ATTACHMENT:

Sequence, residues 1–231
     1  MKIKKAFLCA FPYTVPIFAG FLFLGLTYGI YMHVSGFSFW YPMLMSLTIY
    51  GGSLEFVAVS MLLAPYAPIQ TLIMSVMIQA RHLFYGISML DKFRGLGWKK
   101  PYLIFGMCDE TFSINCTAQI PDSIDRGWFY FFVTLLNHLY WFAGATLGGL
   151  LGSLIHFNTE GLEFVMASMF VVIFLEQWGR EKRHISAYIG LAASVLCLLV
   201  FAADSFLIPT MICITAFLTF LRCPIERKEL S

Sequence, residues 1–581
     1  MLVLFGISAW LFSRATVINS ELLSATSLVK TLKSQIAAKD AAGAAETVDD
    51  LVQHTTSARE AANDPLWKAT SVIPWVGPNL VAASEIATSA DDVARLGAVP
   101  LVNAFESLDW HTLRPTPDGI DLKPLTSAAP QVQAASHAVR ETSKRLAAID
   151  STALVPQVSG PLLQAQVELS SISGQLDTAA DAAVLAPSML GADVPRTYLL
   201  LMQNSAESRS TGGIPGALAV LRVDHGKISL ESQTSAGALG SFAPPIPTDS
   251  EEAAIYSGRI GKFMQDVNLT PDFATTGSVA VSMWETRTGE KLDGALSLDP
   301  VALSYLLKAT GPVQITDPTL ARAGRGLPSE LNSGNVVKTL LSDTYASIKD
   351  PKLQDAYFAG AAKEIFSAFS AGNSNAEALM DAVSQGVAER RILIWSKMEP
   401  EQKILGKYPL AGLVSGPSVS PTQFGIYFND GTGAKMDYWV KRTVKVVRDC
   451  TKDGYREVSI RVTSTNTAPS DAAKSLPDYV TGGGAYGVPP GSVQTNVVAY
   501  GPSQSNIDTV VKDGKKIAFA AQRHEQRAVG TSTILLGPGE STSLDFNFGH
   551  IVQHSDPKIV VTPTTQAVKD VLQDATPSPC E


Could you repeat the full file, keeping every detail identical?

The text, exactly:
Sequence, residues 1–231
     1  MKIKKAFLCA FPYTVPIFAG FLFLGLTYGI YMHVSGFSFW YPMLMSLTIY
    51  GGSLEFVAVS MLLAPYAPIQ TLIMSVMIQA RHLFYGISML DKFRGLGWKK
   101  PYLIFGMCDE TFSINCTAQI PDSIDRGWFY FFVTLLNHLY WFAGATLGGL
   151  LGSLIHFNTE GLEFVMASMF VVIFLEQWGR EKRHISAYIG LAASVLCLLV
   201  FAADSFLIPT MICITAFLTF LRCPIERKEL S

Sequence, residues 1–581
     1  MLVLFGISAW LFSRATVINS ELLSATSLVK TLKSQIAAKD AAGAAETVDD
    51  LVQHTTSARE AANDPLWKAT SVIPWVGPNL VAASEIATSA DDVARLGAVP
   101  LVNAFESLDW HTLRPTPDGI DLKPLTSAAP QVQAASHAVR ETSKRLAAID
   151  STALVPQVSG PLLQAQVELS SISGQLDTAA DAAVLAPSML GADVPRTYLL
   201  LMQNSAESRS TGGIPGALAV LRVDHGKISL ESQTSAGALG SFAPPIPTDS
   251  EEAAIYSGRI GKFMQDVNLT PDFATTGSVA VSMWETRTGE KLDGALSLDP
   301  VALSYLLKAT GPVQITDPTL ARAGRGLPSE LNSGNVVKTL LSDTYASIKD
   351  PKLQDAYFAG AAKEIFSAFS AGNSNAEALM DAVSQGVAER RILIWSKMEP
   401  EQKILGKYPL AGLVSGPSVS PTQFGIYFND GTGAKMDYWV KRTVKVVRDC
   451  TKDGYREVSI RVTSTNTAPS DAAKSLPDYV TGGGAYGVPP GSVQTNVVAY
   501  GPSQSNIDTV VKDGKKIAFA AQRHEQRAVG TSTILLGPGE STSLDFNFGH
   551  IVQHSDPKIV VTPTTQAVKD VLQDATPSPC E